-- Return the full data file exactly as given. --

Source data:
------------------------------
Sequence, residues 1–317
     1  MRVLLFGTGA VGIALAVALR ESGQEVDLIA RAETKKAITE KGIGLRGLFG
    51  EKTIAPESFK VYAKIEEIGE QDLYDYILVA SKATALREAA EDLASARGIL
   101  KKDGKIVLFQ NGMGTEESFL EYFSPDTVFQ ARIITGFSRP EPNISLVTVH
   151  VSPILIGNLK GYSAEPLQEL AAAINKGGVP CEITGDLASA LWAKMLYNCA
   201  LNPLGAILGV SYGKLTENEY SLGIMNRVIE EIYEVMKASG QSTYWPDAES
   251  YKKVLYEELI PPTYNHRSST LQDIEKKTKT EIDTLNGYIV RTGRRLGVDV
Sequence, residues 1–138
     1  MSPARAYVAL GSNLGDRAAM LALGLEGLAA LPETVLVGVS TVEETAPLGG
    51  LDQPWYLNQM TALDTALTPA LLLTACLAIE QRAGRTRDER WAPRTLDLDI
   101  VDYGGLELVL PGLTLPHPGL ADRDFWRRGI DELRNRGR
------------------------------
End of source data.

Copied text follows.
Sequence, residues 1–317
     1  MRVLLFGTGA VGIALAVALR ESGQEVDLIA RAETKKAITE KGIGLRGLFG
    51  EKTIAPESFK VYAKIEEIGE QDLYDYILVA SKATALREAA EDLASARGIL
   101  KKDGKIVLFQ NGMGTEESFL EYFSPDTVFQ ARIITGFSRP EPNISLVTVH
   151  VSPILIGNLK GYSAEPLQEL AAAINKGGVP CEITGDLASA LWAKMLYNCA
   201  LNPLGAILGV SYGKLTENEY SLGIMNRVIE EIYEVMKASG QSTYWPDAES
   251  YKKVLYEELI PPTYNHRSST LQDIEKKTKT EIDTLNGYIV RTGRRLGVDV
Sequence, residues 1–138
     1  MSPARAYVAL GSNLGDRAAM LALGLEGLAA LPETVLVGVS TVEETAPLGG
    51  LDQPWYLNQM TALDTALTPA LLLTACLAIE QRAGRTRDER WAPRTLDLDI
   101  VDYGGLELVL PGLTLPHPGL ADRDFWRRGI DELRNRGR